Outdoor Conservation Tips

  • Sweep sidewalks and driveways rather than spraying them clean with water.
  • Check and fix leaky hoses and faucets.
  • Don’t run the hose when washing the car. Instead try using a bucket of soapy water. Use the hose only to rinse.
  • Cover pools and hot tubs when not in use to prevent evaporation.
  • Drain outside spigots to prevent freezing in the winter.
  • For more information on outdoor irrigation please visit www.h2ouse.org.

Tips on how to conserve water when gardening:

  • Use native plants where possible. Natives tend to be more resistant to drought and provide better habitat for local wildlife.
  • Water your plants during the cool part of the day. Watering in the morning or evening can reduce the amount of water lost to evaporation by as much as 30%. Morning watering is best since it helps to deter fungus growth. In support of this concept, Moscow City Ordinance 2007-13 allows watering with sprinkler systems ONLY between the hours of 6:00 p.m. and 10:00 a.m.
  • Remember to mulch around plants and trees. Mulching will retain soil moisture by slowing water lost to evaporation. In addition to conserving water, mulching also increases organic matter in the soil and discourages weed growth.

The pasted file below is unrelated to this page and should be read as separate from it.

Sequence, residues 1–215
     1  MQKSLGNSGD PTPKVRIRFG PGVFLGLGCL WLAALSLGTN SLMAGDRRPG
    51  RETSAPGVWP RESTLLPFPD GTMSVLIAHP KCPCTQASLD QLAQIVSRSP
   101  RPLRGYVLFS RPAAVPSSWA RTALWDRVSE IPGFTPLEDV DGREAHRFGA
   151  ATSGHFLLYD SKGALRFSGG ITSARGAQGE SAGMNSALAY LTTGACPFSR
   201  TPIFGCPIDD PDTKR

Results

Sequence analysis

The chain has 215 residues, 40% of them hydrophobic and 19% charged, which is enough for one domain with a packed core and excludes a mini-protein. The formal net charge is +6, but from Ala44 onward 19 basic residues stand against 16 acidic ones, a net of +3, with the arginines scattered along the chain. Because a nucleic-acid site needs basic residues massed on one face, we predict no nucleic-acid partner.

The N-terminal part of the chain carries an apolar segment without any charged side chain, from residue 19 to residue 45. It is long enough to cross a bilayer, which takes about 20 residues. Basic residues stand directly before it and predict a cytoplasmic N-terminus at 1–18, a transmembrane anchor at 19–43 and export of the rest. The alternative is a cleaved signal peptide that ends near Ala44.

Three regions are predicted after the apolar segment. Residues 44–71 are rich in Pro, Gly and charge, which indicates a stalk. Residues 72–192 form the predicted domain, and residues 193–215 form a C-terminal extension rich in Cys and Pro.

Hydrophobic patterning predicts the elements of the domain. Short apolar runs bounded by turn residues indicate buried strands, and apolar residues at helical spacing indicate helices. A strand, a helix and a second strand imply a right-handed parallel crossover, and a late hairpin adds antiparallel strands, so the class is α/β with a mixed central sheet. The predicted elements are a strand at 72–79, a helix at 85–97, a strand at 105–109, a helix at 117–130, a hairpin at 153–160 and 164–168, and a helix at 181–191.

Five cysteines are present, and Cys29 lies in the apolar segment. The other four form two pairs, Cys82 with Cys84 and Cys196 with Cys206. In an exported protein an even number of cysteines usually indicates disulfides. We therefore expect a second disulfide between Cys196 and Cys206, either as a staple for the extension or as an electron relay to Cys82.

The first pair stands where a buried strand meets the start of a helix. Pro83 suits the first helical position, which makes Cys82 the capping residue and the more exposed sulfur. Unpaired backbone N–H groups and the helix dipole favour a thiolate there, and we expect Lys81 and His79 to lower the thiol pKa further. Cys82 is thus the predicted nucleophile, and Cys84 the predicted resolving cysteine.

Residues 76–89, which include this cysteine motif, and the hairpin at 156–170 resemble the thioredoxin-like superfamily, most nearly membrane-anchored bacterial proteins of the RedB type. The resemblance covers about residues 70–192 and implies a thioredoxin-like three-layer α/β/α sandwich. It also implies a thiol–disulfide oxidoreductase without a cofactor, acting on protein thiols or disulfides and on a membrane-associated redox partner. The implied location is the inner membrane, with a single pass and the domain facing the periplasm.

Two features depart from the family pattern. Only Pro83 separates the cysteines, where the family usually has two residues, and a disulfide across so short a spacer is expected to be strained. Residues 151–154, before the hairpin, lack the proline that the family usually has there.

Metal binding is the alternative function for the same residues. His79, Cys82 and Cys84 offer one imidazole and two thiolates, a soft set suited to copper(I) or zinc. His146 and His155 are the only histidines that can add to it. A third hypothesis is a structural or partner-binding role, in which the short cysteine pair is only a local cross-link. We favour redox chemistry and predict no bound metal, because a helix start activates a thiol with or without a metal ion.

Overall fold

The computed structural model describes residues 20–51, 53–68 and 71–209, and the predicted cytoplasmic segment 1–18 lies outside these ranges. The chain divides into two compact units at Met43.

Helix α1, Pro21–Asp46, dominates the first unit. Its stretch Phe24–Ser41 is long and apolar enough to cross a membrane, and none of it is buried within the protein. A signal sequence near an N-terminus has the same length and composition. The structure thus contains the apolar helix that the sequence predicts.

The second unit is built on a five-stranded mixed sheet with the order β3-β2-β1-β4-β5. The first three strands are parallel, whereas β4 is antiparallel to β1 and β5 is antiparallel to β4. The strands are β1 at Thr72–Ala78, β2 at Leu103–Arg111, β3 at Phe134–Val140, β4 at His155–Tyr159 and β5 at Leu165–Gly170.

• Leave a little extra length on the lawn. Cutting the grass shorter than 2.5 inches increases the amount of water lost to soil evaporation.
  • Aerate clayey soils. Clay soils have a tendency to absorb water slowly, as a result water can pool or be lost as run-off. Aerating clay soils once a year allows for better infiltration and less water waste.
  • Use sprinklers that produce large raindrops. Larger raindrops are heavier and less easily influenced by the wind than smaller drops.
  • If it doesn’t grow, don’t water it. Make sure your sprinklers are hitting the soil, not concrete.
  • When watering, soak the soil. A light sprinkling of water does not allow for moisture to infiltrate into the root zone of the soil. In fact, much of the water from a light sprinkle is lost to evaporation. Deep watering also encourages deeper root growth. Typically, turf grass needs no more than an inch of water per week; this can vary depending on turf type and sun exposure.
  • Arrange plants into similar water requiring zones. This makes automatic watering easier without compromising plant health.
  • Healthier soils hold more moisture and give life to healthier plants. When establishing a new lawn, add a high-quality topsoil to retain soil moisture. In established lawns, add compost to keep and improve soil quality.
  • Landscape with plants that do not require a lot of water, also known as Xeriscaping.

More Conservation Links:

Contact Us

We are located at:

Water Department
201 N. Main Street
Moscow, Idaho 83843